Who Are Fannie Mae and Freddie Mac?
Fannie Mae is also known as the FNMA or the Federal National Mortgage Association.
Freddie Mac is also known as the FHLMC or the Federal Home Loan Mortgage Corporation.
What Do Fannie Mae and Freddie Mac Do?
To understand what Fannie and Freddie do now, it is important to first understand the mortgage process historically. Prior to the Great Depression, banks lent money for mortgages and other loans against a deposit reserve pool. A bank would take in deposits, pay interest on the pool at one rate, then lend the same money out to borrowers at a higher rate.
A bank’s capacity to lend money was limited by the amount of money it held on deposit. When a bank’s deposit reserve pool had reached 100% of its lending capacity, it could not issue new loans until more deposits were made to the pool or a loan against the fund was paid off.
Loans in those days carried very high rates of interest. The 30 year fixed rate mortgage loan had not been introduced yet, so most home loans could only be fixed for a 10-15 year period.
Fannie Mae was founded in 1938, and later in 1970, Freddie Mac was founded. These organizations are government sponsored enterprises (GSE) who serve as intermediaries between the investors who buy the mortgages and the lenders who fund consumer mortgage loans. Fannie and Freddie are responsible for transferring money from an investor to a lender, who in turn lends it to mortgage consumers. Once a loan is issued to a borrower, the lender then returns the mortgage account to Fannie or Freddie, and it is bundled with others into a mortgage backed security. These securities are sent to investors to create new lender funding, thus beginning the cycle again.
What Was The Mortgage Meltdown?
Over a 10-15 year period leading up to 2007, mortgage loan guidelines became progressively looser. As a result, some lenders issued a greater number of loans to less qualified borrowers. Investors continued to buy these loans, so when economic conditions and real estate values began to deteriorate in the U.S., the walls of the mortgage industry began to crumble. Investors and economies worldwide felt the impact and the federal government ultimately took over Fannie Mae and Freddie Mac to ensure these events would never happen again.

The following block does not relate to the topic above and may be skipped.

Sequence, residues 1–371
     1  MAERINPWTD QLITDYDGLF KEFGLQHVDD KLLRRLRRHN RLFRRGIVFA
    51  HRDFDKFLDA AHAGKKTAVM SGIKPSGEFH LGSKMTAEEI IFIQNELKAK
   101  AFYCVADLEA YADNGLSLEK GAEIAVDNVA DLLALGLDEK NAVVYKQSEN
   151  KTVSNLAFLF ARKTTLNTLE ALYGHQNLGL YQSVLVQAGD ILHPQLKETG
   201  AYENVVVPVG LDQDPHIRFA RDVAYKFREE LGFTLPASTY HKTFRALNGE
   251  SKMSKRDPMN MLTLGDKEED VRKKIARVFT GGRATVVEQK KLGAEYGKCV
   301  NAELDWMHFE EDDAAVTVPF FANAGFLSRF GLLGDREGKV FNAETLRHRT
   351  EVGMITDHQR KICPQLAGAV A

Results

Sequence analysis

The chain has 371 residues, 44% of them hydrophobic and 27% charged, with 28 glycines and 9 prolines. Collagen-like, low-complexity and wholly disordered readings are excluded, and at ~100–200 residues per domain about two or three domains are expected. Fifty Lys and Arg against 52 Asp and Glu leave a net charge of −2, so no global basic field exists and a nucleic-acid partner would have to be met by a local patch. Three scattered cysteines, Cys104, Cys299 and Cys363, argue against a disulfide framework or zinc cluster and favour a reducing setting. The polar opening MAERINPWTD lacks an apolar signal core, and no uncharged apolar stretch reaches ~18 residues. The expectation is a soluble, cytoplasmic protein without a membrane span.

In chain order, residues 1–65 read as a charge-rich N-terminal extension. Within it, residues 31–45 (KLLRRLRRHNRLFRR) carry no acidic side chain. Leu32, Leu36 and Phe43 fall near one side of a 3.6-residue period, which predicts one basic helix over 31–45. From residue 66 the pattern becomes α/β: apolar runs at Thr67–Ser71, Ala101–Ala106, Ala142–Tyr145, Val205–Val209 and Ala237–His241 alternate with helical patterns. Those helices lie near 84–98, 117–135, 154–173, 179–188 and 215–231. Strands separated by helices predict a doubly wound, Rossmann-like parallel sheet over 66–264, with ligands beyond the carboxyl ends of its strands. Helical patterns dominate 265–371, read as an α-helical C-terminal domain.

While FNMA and FHLMC were not responsible for the egregious lending practices that shattered the mortgage market, they did contribute by purchasing limited income verification loans. However, these reputable organizations were never responsible for funding sub-prime mortgages to borrowers with low credit scores and poor payment histories.
How Mortgage Lending Works Today.
In light of the events prompting the 2007 mortgage industry meltdown, the country’s mortgage lending guidelines became more conservative. Although many of the pre-2007 mortgage loan products have either been eliminated or changed, there are still excellent loan options available for first time borrowers, recurring purchasers and those who would like to refinance a mortgage loan. However, qualification for these mortgage products is now reserved for the borrowers who prove they have the highest likelihood of repaying a loan.
If you would like more information about Poli Mortgage Group’s lending programs, please contact us using our convenient web inquiry form or call us direct at 781.801.1400 to speak with a qualified Poli Mortgage loan specialist.